The Museum of the Bible raised eyebrows even before opening its giant bronze, Latin-inscribed gates: its primary financial backer is billionaire Steve Green, whose arts and crafts chain Hobby Lobby has supported conservative causes in Washington. It has drawn visitors of all faiths since it opened.
The fragments have been on display since the museum opened in November 2017.
"My research has focused primarily on two aspects of Museum of the Bible's fragments: scribal quality and technique in the penning of the texts as well as the physical composition and current state of the manuscript media", said Davis. The museum sent five of its alleged Dead Sea Scroll fragments to Germany's Federal Institute for Materials Research and Testing (BAM) in Berlin for an investigation that included X-ray scanning and ink analysis.
"My studies to date have managed to confirm upon a preponderance of different streams of evidence the high probability that at least seven fragments in the museum's Dead Sea Scrolls collection are modern forgeries, but conclusions on the status of the remaining fragments are still forthcoming", Kipp Davis, a scholar at Trinity Western University in Canada, said in today's press release from the museum. The fake fragments have been replaced with other fragments "that will be on exhibit pending further scientific analysis and scholarly research", said a statement from the museum.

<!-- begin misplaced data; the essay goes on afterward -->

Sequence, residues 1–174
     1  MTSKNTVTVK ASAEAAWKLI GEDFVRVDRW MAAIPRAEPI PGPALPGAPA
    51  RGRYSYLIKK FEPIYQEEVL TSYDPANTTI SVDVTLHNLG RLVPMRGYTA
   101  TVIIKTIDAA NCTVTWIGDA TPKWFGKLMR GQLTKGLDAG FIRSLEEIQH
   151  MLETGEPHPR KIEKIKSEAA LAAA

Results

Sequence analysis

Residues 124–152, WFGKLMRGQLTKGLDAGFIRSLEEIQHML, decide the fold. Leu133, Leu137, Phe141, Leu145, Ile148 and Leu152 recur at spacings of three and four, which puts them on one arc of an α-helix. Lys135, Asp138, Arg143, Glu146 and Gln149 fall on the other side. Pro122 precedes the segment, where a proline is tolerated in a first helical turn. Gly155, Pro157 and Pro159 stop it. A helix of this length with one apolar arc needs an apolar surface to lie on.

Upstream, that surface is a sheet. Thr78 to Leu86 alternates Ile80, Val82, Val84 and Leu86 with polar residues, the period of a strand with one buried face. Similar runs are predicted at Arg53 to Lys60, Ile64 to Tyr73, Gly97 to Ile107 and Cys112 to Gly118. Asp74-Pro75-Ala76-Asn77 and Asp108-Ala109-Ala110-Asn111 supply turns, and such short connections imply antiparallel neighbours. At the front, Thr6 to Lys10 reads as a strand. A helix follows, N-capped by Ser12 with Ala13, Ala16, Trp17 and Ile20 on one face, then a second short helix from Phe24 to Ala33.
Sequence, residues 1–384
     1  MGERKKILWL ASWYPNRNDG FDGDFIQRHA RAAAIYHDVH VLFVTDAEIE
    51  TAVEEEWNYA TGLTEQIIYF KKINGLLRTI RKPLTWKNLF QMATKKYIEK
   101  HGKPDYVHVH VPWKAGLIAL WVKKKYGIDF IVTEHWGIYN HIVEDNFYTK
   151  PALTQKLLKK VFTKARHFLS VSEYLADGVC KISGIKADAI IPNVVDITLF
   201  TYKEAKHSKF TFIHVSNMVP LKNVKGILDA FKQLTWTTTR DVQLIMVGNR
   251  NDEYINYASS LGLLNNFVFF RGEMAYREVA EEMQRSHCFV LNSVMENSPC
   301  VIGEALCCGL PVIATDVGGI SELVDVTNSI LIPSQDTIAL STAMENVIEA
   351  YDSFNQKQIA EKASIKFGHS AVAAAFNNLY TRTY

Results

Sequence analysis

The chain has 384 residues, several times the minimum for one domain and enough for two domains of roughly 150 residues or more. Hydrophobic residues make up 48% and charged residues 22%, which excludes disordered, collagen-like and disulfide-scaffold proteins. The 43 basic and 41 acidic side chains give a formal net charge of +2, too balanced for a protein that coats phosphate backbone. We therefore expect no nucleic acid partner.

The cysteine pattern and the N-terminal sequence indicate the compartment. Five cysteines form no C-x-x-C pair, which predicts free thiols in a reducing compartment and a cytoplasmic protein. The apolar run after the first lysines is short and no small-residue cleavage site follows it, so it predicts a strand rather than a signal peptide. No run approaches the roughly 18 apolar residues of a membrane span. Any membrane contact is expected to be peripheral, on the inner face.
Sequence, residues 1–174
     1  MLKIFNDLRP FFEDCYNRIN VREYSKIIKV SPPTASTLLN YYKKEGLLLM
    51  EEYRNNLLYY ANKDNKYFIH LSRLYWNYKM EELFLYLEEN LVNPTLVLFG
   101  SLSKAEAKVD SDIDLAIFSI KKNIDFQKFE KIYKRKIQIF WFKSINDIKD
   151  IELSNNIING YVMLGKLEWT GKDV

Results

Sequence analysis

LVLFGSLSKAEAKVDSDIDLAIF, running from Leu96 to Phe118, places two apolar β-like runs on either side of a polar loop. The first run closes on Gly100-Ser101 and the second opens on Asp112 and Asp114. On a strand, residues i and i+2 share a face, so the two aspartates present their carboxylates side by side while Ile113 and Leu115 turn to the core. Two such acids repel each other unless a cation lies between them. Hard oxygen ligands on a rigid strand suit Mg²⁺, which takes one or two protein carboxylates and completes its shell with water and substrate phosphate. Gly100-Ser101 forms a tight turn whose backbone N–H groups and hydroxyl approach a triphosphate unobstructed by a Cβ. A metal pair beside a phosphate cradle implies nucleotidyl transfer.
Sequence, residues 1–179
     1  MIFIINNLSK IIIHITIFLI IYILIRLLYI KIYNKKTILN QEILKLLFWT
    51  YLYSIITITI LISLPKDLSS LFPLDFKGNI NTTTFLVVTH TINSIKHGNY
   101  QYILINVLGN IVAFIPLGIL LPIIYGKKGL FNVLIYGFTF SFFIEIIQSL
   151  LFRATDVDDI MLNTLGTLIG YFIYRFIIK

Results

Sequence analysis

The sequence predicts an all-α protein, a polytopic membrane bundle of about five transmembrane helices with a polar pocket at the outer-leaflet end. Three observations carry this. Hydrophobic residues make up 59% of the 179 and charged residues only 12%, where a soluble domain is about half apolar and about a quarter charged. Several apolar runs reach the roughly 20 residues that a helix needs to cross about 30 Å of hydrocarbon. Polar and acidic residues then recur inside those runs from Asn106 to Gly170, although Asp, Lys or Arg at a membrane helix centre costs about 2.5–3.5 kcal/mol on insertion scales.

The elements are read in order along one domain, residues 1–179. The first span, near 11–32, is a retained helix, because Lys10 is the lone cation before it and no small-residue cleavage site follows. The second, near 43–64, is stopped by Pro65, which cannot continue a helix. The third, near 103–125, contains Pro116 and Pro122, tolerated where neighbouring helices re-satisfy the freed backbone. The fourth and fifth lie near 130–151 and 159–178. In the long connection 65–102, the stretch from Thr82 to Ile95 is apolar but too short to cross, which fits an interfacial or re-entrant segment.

The Green family bought 16 scroll fragments between 2009 and 2014, Kloha said.
The Dead Sea Scrolls were discovered by Bedouin shepherds in Qumran Caves in the West Bank in the 1940s and revolutionised the study of the early bible. Three of those 9 are now on display at the museum with signs addressing the questions about their authenticity, the spokesperson said.
Bible museum in Washington, D.C., says five of its Dead Sea Scrolls are fake
Davis, who studied the fragments for the Museum of the Bible, said Monday's news about the fakes felt like bittersweet vindication. The museum quickly gave researchers access to the fragments to compare handwriting styles and the layout of the writing, Kloha said.
But some scholars have been raising questions about supposed Dead Sea Scroll fragments for years, saying that unscrupulous antiquities dealers are preying on evangelicals like the Greens, making millions in the process. Researchers could not necessarily link individual fragments with the specific caves where they were found.
"We don't believe that it would be accurate to present these as authentic fragments at this point", he said. Further scrolls were found in subsequent years, up to 1956. Their small size makes it hard to determine their authenticity, and no test can definitively determine that a fragment is real.
He said biblical artifacts are commonly faked, and the Dead Sea Scrolls are particularly popular among forgers. In other words they are forgeries.
The fragments will no longer be displayed at the Washington D.C. -based museum. The artifacts have been removed from display.